The grandson of a slave, Hairston was born in Belews Creek, N.C., in 1901 but moved north as a child to Pittsburgh, where generations of his family worked in steel mills. As a child, Hairston heard his grandmother and her friends talking and singing about life on the plantations of the southern US. He escaped the mills through a scholarship from his Baptist church and enrolled in landscape design at Massachusetts Agricultural College (now the University of Massachusetts). He dropped out of college for several years but returned to school when he met Anna Laura Kidder, an accompanist for his church choir. She saw his potential in music and offered him financial assistance to study music at Tufts University, from which he graduated in 1929. He was one of the first black students admitted to Tufts. Later he moved to New York and studied music at the Juilliard School.
In New York, he met Hall Johnson, a popular conductor of Negro spirituals whose choir was the most prominent black singing group of the 1930s. Hairston became his assistant. It was Johnson who taught Hairston to respect the Negro spiritual. The Hall Johnson Choir performed in many Broadway shows, which led to them being invited to California in 1935 to be a part of the film production of “The Green Pastures.” This production gave Hairston his entre into the world of Hollywood music. He conducted, composed, and arranged music for films for over 20 years, and was the choral director for Hollywood's's first integrated choir.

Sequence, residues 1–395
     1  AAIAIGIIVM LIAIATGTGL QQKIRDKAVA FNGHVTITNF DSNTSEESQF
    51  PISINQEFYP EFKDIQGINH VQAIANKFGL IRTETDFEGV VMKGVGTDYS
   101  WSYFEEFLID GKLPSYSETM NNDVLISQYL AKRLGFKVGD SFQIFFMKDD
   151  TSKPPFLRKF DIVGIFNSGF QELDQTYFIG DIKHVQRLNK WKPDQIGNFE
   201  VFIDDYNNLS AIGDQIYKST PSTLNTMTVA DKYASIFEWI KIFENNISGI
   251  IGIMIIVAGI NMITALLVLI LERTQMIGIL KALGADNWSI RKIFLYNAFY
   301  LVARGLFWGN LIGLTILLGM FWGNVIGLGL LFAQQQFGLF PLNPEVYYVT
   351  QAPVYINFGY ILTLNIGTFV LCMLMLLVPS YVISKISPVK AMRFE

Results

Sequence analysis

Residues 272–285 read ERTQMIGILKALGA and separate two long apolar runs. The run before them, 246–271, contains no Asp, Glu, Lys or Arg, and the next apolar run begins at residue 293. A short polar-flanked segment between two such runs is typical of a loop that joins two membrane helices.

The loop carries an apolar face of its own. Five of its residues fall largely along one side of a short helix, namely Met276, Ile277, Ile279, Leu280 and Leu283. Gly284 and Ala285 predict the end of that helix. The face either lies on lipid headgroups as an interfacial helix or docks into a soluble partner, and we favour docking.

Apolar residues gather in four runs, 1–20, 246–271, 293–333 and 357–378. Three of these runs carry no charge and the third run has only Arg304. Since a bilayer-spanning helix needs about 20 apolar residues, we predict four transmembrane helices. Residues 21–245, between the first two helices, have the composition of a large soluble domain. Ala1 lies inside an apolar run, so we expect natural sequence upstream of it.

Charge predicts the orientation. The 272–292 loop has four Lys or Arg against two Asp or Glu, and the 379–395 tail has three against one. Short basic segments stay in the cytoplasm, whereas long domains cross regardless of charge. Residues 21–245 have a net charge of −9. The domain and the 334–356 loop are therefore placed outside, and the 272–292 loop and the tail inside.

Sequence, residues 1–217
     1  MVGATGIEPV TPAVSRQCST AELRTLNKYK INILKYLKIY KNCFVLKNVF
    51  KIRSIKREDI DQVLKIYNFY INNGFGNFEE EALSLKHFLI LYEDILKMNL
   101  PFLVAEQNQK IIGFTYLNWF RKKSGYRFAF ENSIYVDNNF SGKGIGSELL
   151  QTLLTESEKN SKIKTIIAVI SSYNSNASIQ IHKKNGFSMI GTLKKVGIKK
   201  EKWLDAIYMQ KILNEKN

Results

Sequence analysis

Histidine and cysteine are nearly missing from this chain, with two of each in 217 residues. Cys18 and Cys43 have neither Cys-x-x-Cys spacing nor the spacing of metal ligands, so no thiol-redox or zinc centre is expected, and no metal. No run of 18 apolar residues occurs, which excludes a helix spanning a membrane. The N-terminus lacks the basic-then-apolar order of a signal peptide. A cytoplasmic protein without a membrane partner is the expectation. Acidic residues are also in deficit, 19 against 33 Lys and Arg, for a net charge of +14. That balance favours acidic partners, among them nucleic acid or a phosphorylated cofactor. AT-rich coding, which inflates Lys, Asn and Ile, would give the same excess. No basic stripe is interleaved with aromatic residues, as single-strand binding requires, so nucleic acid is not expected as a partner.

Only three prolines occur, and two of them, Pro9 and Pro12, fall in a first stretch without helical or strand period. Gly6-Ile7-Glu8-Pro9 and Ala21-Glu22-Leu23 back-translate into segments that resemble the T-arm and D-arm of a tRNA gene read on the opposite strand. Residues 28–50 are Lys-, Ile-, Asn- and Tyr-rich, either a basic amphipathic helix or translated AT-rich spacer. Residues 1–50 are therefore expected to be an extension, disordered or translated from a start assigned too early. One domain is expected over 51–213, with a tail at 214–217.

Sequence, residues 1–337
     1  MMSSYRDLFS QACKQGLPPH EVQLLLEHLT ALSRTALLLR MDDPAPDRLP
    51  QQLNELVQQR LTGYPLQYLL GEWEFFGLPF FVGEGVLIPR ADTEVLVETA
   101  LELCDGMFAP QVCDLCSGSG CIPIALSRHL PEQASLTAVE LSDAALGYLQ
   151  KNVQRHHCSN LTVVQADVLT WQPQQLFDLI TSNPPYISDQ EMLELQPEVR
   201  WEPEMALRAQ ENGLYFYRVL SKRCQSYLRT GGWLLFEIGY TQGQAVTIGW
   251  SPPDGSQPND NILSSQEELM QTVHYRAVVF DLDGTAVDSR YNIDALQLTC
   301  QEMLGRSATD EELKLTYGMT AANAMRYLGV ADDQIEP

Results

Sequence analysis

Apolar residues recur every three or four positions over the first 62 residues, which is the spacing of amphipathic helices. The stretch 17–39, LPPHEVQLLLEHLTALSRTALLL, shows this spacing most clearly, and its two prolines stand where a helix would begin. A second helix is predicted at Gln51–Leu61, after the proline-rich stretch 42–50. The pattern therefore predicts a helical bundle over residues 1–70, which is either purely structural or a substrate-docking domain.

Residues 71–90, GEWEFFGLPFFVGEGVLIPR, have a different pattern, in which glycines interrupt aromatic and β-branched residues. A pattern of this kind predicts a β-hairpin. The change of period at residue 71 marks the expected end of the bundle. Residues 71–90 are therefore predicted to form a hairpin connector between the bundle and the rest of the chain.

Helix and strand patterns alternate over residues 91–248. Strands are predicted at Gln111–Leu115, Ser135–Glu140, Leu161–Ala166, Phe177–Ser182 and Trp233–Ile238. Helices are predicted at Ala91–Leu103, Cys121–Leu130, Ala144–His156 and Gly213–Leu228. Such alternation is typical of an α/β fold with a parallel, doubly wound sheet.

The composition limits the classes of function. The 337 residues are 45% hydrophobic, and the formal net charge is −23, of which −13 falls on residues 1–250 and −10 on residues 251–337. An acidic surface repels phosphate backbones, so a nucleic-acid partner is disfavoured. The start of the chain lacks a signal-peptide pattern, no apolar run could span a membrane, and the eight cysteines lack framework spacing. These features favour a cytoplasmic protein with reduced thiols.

Hairston acted in over 20 films, mostly in small roles. As an actor, he is most well-known for his roles in the television shows “Amos ‘n Andy” and “Amen.” Though many of his acting roles were stereotypes, especially in the early years of his career, Hairston never made apologies for portraying racial stereotypes during his career, which he said embodied the black actor's struggle in Hollywood. "We had a hard time then fighting for dignity," he once said of his early roles. " . . . We had no power. We had to take it, and because we took it the young people today have opportunities." For his contribution to the television and film industry, Hairston has a star on the Hollywood Walk of Fame.
Hairston was equally adamant about the need to preserve Negro spirituals, the focus of his other career. He was a sought-after choral director for half a century and composed or arranged more than 300 spirituals. He was best known for his arrangement of "Amen," which he dubbed for Sidney Poitier in the 1963 film "Lilies of the Field." His research and work have been documented for history. In recognition of his work, he was awarded an honorary doctorate from The University of Massachusetts in 1972, and another in music from Tufts in 1977.
In 1961, the US State Department appointed Jester Hairston as Goodwill Ambassador. He traveled all over the world teaching and performing the folk music of the slaves. In the 1960s he held choral festivals with public high school choirs, introducing them to Negro Spiritual music, and sometimes leading several hundred students in community performances. In 1985 he took the Jester Hairston Chorale, a multi-racial group, to sing in the People's Republic of China, at a time when foreign visitors were still quite rare in that country.
Hairston died in Los Angeles of natural causes in 2000 at age 98. He is buried at Inglewood Park Cemetery, Inglewood, California. Explore the Jester Hairston Collection.